4" PVC is good for thin strips but it will deform if steamed for too long. It was a while ago, but I think it was 'schedule 80' pipe I used - it has a really thick wall.
I used an electric hotplate and a stock pot from the thrift store. The best way I found to keep the water boiling was to wrap the pot in fiberglass batt and secure it with baling (mechanic's) wire, otherwise the hotplate was running full bore all the time and took a while to boil again after loading the strips in.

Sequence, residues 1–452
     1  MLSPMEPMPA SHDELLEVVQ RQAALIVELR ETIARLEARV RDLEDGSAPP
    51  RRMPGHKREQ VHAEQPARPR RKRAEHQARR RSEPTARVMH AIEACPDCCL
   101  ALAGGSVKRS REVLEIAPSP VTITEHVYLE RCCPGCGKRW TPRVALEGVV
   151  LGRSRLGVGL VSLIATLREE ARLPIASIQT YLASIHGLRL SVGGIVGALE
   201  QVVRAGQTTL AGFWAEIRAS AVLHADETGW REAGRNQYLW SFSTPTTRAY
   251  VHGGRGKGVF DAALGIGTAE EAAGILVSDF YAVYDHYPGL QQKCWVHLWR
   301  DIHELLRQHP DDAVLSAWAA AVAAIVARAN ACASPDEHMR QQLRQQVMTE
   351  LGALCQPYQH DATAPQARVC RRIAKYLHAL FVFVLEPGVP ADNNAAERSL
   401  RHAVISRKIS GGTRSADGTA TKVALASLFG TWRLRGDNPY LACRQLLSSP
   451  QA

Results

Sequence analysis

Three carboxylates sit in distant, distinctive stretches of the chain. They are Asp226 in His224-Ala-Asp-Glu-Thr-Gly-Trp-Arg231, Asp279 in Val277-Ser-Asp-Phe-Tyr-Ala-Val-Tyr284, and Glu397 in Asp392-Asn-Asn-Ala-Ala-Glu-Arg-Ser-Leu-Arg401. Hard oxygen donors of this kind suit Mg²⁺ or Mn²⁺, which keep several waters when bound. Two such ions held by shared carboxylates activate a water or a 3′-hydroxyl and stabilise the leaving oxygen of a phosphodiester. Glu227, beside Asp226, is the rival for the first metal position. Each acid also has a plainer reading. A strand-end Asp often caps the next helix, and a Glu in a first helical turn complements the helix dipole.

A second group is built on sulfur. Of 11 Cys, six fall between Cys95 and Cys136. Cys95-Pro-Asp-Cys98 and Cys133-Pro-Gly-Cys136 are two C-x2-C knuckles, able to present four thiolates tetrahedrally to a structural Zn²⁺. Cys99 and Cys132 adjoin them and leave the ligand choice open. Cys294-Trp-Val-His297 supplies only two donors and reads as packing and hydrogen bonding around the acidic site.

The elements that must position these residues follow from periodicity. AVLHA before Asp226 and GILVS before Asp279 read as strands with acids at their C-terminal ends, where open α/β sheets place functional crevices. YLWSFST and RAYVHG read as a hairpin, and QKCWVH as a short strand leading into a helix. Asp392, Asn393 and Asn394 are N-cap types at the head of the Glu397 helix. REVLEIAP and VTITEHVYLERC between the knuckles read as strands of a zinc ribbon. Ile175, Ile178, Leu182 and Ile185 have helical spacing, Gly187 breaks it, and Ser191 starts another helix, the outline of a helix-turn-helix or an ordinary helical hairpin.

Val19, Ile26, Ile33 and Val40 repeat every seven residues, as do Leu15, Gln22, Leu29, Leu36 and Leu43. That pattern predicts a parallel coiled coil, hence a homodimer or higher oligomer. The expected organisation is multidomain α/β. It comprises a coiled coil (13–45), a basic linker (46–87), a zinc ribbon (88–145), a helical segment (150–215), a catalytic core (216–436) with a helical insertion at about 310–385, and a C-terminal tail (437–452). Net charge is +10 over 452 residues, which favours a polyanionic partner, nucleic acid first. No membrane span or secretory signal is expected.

I cut an oval hole in the lid and slid the pipe in at an angle so the vapor that condensed would run back into the pot. When I do it again, I'll probably try a length of exhaust hose or some such between the pvc and the pot.
One trick I found was to keep the air moving through the pipe, otherwise the steam cools before it gets all the way to the end and then the strips won't bend evenly. A 1/4" hole in the far end worked for me - watch for a consistent plume of steam coming out.
A glue-in threaded bushing and a threaded cap handle inserting and remopving strips but be VERY careful of the steam when opening it up. BBQ tongs work pretty well if the cap isn't screwed in tight.